Alberta forward verbally commits to Augustana, can bring vital intangible to Sioux Falls
Brett Meerman played for the expansion Blackfalds Bulldogs in the Alberta Junior Hockey League last season. He is tied for the league lead in points (17) and leads it in power-play assists (8) through 10 games.
The idea of going to an NCAA Division I men's college hockey team that has never played a game may scare off some players.
For Brett Meerman, he knows some of what to expect.
Meerman recently committed to play hockey for Augustana University, which will play its first season in 2023-24. Meerman, a 20-year-old wing, is beginning his second season with the Blackfalds Bulldogs of the Alberta Junior Hockey League.
I’m honoured to announce my commitment to play NCAA Division 1 hockey and further my education at Augustana University. I would like to thank my friends, billets, past and present coaches, teammates, and most importantly my family for making this all possible. Go Vikings pic.twitter.com/sPPMhSPH9b— Brett Meerman (@brett_meerman) October 9, 2022
Last season, the Bulldogs were an expansion franchise.
"I know what it's like having to deal with a team in its inaugural season," he said. "Last year here in Blackfalds, it was the first year of the team and it was a bit of a rollercoaster. But I learned a lot from it.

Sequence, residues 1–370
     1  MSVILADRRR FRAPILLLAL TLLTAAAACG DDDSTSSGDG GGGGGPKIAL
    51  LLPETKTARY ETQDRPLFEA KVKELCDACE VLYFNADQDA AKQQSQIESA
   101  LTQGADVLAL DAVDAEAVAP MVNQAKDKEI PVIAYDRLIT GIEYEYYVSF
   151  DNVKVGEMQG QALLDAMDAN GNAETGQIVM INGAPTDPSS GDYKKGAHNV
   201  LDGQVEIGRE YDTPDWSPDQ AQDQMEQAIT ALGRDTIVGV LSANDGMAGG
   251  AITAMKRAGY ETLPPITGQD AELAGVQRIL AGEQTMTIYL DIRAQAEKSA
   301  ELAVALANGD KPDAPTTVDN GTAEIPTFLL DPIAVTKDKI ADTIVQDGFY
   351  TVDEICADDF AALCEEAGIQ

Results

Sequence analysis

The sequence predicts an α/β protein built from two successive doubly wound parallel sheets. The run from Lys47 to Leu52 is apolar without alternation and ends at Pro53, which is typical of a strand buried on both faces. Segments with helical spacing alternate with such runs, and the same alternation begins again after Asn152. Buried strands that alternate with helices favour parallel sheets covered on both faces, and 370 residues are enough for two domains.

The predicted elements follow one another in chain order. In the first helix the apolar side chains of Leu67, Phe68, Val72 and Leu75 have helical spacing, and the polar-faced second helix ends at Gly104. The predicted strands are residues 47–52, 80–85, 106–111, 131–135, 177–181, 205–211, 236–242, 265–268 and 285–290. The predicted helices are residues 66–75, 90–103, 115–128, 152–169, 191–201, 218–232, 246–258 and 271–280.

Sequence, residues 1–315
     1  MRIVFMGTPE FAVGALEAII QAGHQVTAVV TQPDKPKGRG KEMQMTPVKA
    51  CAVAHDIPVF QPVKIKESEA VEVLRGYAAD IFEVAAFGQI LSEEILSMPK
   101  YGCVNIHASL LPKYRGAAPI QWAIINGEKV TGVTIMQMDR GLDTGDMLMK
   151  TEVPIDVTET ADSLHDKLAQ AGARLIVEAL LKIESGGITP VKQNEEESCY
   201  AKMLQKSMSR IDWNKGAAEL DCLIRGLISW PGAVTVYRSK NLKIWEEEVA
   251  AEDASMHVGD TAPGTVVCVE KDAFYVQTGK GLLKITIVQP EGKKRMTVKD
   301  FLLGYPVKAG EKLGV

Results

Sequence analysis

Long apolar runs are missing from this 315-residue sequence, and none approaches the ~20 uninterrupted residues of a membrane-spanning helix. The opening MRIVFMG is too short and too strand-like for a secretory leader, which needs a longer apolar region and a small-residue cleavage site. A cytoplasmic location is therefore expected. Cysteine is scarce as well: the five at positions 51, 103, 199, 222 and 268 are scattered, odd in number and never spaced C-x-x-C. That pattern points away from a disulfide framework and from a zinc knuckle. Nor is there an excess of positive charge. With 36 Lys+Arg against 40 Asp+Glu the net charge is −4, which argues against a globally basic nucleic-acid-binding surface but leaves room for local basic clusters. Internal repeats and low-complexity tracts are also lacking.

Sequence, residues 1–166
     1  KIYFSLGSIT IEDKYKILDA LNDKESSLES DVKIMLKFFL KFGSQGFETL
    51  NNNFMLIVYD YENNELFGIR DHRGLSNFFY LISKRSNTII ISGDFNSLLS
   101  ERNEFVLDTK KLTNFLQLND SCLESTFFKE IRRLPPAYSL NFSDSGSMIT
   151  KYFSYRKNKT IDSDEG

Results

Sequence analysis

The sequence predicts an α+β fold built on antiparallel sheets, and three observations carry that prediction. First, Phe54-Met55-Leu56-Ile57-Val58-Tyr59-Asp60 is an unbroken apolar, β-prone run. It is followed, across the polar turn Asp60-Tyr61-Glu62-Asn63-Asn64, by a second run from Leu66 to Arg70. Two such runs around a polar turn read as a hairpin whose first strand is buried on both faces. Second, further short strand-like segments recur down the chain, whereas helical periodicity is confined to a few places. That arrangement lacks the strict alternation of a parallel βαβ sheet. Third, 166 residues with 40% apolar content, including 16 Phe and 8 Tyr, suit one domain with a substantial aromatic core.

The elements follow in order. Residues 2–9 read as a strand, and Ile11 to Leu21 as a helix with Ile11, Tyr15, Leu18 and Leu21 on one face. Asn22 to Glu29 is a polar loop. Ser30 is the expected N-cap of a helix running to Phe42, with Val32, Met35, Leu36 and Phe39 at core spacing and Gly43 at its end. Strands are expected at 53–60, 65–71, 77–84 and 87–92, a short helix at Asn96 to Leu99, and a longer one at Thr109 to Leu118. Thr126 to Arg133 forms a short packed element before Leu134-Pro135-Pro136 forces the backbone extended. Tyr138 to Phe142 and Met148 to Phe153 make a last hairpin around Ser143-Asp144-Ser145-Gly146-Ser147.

"I think it'll be nice to do that again and kind of know what to expect at some points. I can talk some guys through it, even though I'm a younger guy, I've been through it."
So what was it like being on an expansion junior hockey team?
"Things aren't always going to go perfect," said Meerman, who played for the Grande Prairie Storm in the AJHL from 2019-21. "Last year, we started with a terrible loss (7-2 to Fort McMurray) and started the season 1-7. We made a couple trades, but after Christmas, we had the second-best record in the league.
"It just showed that if you stick with the process and work hard, things will go your way."
The Bulldogs finished in fifth place out of eight teams in the AJHL South Division with a 28-31-1-0 record.
Meerman led the Bulldogs in goals (25), assists (37), points (62), power-play goals (7), power-play assists (15) in 60 regular season games. He was 14th in the league in goals, tied for 16th in assists, 17th in points and tied for 13th in power-play assists.
This season, he is tied for the league lead in assists (13), points (17) and power-play assists (8) in 10 games for the Bulldogs.
"I feel like I've always been a pretty high-skilled, smart player," said Meerman, who had 12 goals and 28 points in 61 games for the AJHL's Grande Prairie Storm from 2019-21 before joining his hometown team. "But I feel like I've really added different elements of my game. Like I feel like I have a much better defensive stick now and making reads.
"I feel like I'm better at baiting guys with my stick and forcing them to make passes through me. I think I've gotten faster. My goal every year is to to be better than last year. I want to get better every day and I feel like I'm doing that so far."
Deciding to bypass major juniors